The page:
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Comcast hypes 10G network. Is it twice as good as 5G? Actually, there’s no comparison

Ron Hurtibise | (TNS) South Florida Sun Sentinel

Just when you finally traded up to a 5G phone, Comcast’s newest marketing campaign promises to hook you up to its 10G Network.

TV commercials debuted during the Super Bowl, boasting, “The next generation 10G Network. Only from Xfinity. One giant leap for mankind!”

Sounds like Comcast is offering a service that’s twice as good as 5G, right?

That might be what the cable and internet giant wants you to think is happening. But don’t throw that 5G phone out just yet.

There’s literally no comparison between 5G and 10G.

Despite having the letter G in common, the two phrases refer to completely distinct technology, and some tech-oriented websites are criticizing companies that leave the wrong impression in consumers’ minds.

Let’s clarify what the two terms mean: 5G refers to the fifth generation of cellular technology, while 10G refers to the speed by which data can enter homes through cable and fiber connections.

5G is the latest iteration in an evolution of cellular connectivity that started with the very first analog cellphones.

5G enables greater speed and lower latency (the amount of time it takes for data to travel) while allowing more devices on a network to support new business models and a better user experience, according to a July 2022 story on the tech-focused website fiercewireless.com.

Over the past five to six years, 5G has been heralded as the holy grail of wireless internet service.

When fully implemented throughout neighborhoods and around the world, 5G will enable homeowners to disconnect from the cable system and rely solely on 5G service from existing cellular carriers such as Verizon, T-Mobile and AT&T, proponents have touted.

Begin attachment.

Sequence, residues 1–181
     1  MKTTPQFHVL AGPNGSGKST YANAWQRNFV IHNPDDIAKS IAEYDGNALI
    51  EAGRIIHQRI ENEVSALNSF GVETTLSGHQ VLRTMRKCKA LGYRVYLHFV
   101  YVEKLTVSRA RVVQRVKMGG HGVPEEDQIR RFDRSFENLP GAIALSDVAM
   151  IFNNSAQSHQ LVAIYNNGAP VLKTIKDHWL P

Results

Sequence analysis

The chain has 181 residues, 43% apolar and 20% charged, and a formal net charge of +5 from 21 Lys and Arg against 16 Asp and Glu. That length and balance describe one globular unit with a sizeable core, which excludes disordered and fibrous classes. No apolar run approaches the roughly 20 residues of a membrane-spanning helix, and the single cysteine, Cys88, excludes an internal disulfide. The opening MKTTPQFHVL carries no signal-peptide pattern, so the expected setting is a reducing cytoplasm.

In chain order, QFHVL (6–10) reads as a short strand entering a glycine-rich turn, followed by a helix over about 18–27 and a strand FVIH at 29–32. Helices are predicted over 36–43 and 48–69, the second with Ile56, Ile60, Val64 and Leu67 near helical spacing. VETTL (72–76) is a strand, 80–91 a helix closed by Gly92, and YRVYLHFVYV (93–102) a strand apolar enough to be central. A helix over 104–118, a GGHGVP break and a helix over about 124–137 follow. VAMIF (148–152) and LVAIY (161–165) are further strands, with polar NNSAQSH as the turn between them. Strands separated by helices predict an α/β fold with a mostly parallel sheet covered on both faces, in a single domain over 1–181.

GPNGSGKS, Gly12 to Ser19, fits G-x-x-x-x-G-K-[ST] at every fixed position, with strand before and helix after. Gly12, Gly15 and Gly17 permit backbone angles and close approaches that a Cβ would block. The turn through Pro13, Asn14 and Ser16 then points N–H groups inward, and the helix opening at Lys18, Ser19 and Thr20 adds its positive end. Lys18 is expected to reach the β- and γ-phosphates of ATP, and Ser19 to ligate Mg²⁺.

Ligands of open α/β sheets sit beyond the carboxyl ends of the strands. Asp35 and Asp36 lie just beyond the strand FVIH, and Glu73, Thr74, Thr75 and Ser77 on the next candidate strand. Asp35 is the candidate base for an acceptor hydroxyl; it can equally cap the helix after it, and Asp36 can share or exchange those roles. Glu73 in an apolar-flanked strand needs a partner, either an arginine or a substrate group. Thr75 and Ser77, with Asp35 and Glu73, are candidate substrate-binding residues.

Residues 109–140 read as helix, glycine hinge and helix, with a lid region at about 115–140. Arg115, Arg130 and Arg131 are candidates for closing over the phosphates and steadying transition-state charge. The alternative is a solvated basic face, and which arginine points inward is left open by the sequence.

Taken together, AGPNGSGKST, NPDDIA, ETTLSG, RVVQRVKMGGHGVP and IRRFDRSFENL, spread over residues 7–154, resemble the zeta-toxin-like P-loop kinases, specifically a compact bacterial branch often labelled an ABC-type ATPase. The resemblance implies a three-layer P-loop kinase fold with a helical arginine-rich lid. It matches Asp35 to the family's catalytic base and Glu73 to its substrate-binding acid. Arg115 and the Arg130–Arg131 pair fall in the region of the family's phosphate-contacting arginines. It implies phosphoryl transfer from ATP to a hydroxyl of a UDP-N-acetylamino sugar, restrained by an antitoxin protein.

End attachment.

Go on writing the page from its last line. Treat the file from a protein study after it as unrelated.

Promised 5G applications include physician specialists conducting intricate surgeries by directing robot arms in real time, and super-immersive virtual reality applications that will let sports fans feel like they are sitting at the Super Bowl.

Yet those types of applications are several years away from becoming commonplace, experts say.

5G won’t take over 4G LTE as the most dominant form of connectivity for voice calls, text messages and everything else that uses cellular technology until at least 2028, according to a report from Counterpoint Research.

10G, as used by Comcast and other wired internet service providers, refers to an internet service delivery speed — 10 gigabits per second (Gbps) — not yet available to consumers.

Illustrated by a photo of apples and oranges, Fierce Wireless’ story states that “the two technologies have little to do with each other.” In fact, competitive marketing around the two is “counterproductive” because “it introduces irrelevant issues that do not contribute to consumers’ better understanding of either technology,” Fierce Wireless says.

In an opinion article posted Sunday, the consumer-oriented website The Street (thestreet.com), which covers a wide array of personal finance topics, including technology, insurance, investing, retail and crypto, needled Comcast for promoting a 10G Network when the company does not offer plans with 10 Gigabits-per-second speed.

“Comcast’s Xfinity has taken on the Xfinity 10G name, but it’s not delivering anything close to 10 Gigabits-per-second speed,” the story says.